What message do you think that Blume’s commitment to diversity sends to employees and customers?

Yamini: Having such a diverse executive team sends an important message to both our employees and customers. Having an executive team with different genders, ethnicities and life experiences helps to move the organization forward – and people notice. In fact, one of the customers from our advisory board recently came in to the office and even made a comment about how diverse Blume is and how great they thought that was. In the long run, more diversity helps deliver different solutions to challenges.

How did you get your start in IT?

Yamini: I’ve been interested in technology development for a long time, even in college. I attended school in India and there was only one computer in our entire college. Every person got one hour a week on the computer to write their code and make sure they could compile and execute it. My professor would say, “the fewer errors you make, the more it means that you are meant to be here.” It was a friendly competition among classmates and I always thought it was a fun way to motivate people. I felt a sense of succeeding under pressure early on.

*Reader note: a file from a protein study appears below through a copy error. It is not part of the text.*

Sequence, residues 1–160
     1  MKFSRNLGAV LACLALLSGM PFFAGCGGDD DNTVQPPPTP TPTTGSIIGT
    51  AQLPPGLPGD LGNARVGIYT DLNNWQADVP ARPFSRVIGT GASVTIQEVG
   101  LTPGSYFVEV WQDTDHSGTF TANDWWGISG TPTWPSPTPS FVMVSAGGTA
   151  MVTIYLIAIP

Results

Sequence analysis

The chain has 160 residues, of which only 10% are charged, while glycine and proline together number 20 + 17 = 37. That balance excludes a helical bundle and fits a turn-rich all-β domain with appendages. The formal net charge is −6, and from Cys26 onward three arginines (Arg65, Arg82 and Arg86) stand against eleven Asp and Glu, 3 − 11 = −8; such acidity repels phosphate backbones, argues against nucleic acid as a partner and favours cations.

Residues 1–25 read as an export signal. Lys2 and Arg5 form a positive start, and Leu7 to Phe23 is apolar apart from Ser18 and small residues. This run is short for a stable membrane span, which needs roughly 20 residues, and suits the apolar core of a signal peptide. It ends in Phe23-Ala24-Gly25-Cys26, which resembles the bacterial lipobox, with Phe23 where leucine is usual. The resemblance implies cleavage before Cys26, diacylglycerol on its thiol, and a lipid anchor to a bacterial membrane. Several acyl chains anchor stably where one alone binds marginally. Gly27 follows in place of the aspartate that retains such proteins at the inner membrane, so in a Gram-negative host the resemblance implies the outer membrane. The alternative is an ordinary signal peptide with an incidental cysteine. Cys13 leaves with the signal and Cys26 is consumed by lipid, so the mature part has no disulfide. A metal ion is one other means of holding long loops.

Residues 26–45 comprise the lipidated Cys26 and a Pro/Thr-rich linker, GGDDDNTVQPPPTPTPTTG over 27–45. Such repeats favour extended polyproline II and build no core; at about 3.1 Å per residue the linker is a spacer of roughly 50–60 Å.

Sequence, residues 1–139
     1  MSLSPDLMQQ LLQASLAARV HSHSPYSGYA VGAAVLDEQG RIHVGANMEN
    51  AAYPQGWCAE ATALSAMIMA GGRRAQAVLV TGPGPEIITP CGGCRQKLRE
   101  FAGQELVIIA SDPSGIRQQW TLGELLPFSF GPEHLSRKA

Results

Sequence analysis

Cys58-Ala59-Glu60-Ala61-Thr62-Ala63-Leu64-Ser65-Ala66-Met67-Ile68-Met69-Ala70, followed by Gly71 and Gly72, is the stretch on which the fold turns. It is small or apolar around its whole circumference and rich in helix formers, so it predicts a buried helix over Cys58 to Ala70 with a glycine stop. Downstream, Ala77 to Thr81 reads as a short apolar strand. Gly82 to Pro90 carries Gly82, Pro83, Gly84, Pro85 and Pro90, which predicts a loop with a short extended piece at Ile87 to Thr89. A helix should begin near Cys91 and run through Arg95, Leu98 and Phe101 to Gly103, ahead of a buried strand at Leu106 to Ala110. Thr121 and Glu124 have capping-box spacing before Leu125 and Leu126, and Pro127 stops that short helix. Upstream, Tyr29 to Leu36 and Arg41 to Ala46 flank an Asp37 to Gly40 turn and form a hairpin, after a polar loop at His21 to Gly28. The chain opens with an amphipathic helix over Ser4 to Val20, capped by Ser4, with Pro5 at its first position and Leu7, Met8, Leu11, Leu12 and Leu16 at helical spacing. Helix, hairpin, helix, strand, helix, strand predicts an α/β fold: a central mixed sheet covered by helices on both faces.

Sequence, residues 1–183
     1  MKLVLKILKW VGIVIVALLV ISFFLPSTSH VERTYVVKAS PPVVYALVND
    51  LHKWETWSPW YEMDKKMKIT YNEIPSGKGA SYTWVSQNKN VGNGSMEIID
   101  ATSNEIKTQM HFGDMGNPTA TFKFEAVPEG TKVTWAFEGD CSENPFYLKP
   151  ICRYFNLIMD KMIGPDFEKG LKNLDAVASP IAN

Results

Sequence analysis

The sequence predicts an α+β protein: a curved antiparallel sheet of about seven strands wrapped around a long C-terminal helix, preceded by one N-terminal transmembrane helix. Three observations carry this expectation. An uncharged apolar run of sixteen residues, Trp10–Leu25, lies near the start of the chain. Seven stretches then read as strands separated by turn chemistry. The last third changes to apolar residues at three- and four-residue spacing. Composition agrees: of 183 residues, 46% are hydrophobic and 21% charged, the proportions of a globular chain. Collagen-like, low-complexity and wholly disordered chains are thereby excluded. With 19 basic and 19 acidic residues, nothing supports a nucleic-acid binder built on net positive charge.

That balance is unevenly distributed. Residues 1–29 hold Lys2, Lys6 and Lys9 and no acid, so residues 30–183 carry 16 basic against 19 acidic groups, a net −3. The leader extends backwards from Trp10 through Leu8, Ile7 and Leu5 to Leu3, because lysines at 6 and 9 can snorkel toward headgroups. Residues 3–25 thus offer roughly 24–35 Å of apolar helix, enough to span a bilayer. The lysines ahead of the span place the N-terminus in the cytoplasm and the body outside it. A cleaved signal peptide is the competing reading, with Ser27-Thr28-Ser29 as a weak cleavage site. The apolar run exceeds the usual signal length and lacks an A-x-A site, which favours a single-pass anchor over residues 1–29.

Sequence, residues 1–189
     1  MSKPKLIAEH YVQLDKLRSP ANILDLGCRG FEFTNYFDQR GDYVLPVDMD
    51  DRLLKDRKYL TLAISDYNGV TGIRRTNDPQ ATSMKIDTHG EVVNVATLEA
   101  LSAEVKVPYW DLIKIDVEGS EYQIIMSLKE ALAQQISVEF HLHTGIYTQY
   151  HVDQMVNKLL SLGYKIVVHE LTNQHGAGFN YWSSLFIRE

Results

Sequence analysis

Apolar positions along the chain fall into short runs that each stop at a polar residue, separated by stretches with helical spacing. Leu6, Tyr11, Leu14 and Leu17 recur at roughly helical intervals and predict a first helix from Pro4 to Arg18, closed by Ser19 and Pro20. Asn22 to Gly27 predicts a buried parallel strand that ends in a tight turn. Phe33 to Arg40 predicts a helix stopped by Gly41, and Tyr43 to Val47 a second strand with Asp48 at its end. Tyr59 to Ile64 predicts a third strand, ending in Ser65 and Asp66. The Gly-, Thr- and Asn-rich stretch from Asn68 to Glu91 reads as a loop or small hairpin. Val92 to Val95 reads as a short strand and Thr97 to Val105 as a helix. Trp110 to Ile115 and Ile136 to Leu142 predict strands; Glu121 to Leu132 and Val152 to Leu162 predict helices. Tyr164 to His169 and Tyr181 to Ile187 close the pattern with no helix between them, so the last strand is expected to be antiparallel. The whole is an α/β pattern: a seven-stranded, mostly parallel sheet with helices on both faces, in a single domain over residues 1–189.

What made you move into the supply chain?

Yamini: I began working in the supply chain industry completely by accident. I started my career in banking and then joined Manhattan Associates. In the early ‘90s most units did not have a barcode on them. Many naysayers said it was not possible for every unit to have a barcode because it was too expensive. The founders at Manhattan Associates saw that this was the future and that it was inevitable, so they invested in building a software for the supply chain that could utilize the barcode on every single unit for inventory and shipping accuracy. That was my introduction to the supply chain. By working in what was a small company at the time, I learned more about how to work with customers, and could see and solve challenges and have brought those lessons into every aspect of my career.

How is emerging technology impacting the supply chain?